SACRAMENTO has issued a “Water Alert” asking residents and businesses to reduce their water use by 20%
This warning can result in fines of up to $1,000 for car washing.
Sacramento residents are only allowed to wash their cars during the city’s watering schedule.
The Sacramento website states that locals:
- Wash your car before 10am and after 7pm
- Prevent wasted water from running onto sidewalks or forming ponds.
- Skip washing your vehicle 48 hours after an eighth of an inch of rain.
- Wash their cars with an auto shut-off nozzle.
Landscapes are exempt from these rules if there are two or more consecutive days with 100 degrees or hotter weather in Sacramento, depending on the location of the city.
Sacramento residents who do not comply with the city’s water warning rules will:
- Receive an alert on their first notification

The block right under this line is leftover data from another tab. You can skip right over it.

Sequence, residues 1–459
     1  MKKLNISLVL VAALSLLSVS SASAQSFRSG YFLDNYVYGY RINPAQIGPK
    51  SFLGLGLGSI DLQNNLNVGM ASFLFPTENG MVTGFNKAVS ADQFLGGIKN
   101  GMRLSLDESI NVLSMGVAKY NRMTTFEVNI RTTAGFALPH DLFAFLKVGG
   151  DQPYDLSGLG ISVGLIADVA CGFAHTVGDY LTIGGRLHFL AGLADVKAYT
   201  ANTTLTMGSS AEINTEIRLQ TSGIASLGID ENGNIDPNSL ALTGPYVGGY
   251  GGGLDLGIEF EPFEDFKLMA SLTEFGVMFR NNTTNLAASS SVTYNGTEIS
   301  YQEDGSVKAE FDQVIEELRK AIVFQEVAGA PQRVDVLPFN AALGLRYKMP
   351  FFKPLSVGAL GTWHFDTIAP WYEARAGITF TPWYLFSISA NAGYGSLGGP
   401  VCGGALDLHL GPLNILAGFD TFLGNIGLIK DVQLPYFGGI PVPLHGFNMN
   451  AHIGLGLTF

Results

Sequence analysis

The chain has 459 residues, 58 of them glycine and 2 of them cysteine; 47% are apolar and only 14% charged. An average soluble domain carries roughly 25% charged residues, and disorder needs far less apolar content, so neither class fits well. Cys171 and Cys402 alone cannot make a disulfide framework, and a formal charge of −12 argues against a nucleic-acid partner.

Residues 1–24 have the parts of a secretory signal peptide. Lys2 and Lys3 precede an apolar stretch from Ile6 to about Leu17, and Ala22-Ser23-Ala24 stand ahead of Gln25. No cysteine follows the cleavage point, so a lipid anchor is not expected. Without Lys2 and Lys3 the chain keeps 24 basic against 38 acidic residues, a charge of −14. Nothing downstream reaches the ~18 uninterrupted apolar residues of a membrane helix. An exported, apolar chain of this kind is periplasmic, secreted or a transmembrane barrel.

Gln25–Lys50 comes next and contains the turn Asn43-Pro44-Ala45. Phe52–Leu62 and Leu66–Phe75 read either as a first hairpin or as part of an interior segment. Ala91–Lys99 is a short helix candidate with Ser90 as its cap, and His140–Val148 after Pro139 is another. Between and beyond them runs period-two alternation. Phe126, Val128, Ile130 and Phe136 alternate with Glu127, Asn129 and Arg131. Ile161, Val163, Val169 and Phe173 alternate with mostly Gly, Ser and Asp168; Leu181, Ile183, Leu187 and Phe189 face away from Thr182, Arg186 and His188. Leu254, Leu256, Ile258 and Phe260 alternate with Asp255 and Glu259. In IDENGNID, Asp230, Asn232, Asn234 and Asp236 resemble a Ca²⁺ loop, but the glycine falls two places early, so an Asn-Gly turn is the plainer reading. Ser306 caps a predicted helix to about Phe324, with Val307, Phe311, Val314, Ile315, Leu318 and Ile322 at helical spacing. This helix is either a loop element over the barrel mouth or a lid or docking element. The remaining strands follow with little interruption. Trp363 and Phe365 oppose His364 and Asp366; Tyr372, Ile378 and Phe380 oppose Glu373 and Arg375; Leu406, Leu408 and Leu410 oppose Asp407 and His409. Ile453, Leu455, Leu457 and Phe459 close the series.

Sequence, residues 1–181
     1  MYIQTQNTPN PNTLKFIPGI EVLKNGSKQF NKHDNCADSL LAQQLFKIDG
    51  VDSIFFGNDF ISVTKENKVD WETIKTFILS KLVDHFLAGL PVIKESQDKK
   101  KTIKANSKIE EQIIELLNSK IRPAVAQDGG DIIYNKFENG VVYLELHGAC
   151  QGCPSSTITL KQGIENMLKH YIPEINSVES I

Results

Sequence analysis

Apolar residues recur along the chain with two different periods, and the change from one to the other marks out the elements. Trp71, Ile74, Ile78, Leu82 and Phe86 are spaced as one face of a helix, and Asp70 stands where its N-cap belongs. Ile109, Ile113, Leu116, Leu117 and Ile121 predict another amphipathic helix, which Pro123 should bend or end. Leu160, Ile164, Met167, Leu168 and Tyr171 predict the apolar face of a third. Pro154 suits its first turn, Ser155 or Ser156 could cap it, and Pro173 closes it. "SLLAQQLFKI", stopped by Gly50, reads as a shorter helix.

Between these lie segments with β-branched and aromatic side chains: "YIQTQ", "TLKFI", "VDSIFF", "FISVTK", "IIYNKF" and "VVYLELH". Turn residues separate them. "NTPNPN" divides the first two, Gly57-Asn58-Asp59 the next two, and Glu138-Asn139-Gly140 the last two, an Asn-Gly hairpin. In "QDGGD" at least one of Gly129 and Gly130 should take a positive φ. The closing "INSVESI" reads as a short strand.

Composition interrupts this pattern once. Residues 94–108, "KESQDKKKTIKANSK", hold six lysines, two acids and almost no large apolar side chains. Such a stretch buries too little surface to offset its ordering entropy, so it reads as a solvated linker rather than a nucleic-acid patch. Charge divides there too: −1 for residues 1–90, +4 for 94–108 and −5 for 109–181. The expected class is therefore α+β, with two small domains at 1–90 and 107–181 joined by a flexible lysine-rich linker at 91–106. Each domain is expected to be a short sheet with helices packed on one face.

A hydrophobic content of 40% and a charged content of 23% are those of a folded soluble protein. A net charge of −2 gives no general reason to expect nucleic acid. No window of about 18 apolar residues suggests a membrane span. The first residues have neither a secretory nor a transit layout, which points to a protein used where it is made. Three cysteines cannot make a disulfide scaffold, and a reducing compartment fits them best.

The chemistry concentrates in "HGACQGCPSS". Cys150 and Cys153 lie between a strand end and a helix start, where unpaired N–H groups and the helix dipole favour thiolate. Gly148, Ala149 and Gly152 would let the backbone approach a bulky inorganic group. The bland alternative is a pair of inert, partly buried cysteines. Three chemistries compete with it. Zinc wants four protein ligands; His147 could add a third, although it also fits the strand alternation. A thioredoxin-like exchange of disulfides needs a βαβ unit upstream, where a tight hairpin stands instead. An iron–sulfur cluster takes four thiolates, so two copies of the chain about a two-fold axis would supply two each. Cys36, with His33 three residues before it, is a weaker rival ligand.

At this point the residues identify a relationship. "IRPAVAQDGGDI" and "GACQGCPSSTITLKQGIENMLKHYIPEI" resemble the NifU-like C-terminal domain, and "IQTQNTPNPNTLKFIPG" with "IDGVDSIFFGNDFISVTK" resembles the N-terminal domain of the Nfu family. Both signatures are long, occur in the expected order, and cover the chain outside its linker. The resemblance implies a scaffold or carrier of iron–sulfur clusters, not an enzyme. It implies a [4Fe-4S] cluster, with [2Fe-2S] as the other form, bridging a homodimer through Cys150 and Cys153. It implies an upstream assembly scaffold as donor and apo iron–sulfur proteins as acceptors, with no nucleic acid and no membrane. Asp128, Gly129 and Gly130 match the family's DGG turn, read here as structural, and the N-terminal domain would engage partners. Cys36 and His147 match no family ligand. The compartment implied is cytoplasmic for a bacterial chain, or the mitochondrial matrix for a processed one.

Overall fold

- Pay a $50 fine for their second termination
- Pay a $200 fine for their third infraction
- After a third notification, pay $1,000 for each offense
Sacramento’s $50 fine for a second water alert can be waived by participating in a water conservation program, Fox reports.
California isn’t the only state enforcing drought restrictions.
The city of Texas Coastal Bend, Corpus Christi, has put its drought reduction plans into effect as water levels in the region drop to 43.7%, 3News reports.
The Maryland Department of the Environment has published some tips for conserving water when washing your wheels.
A standard garden hose uses 100 gallons of water per minute, which equates to 100 gallons for a ten-minute wash, reports the Maryland Department of the Environment.
An automatic shut-off nozzle on your standard garden hose will save you up to 70 gallons per wash.
Drivers with access to a pressure washer save even more water since pressure washers use around 2-5 gallons per minute.
If you don’t have the resources to mindfully wash your car, visit a car wash that recycles their water.
Many modern car washes recycle their water and end up using far less water than car washes that don’t, reports the Maryland Department of Energy.
Check your city’s website to stay up to date on all water use restrictions enacted and skip fines.
https://www.the-sun.com/motors/5601400/washing-car-get-you-fined/ Washing Your Car Can Get You Up To $1,000 Fine – Is Your City Affected?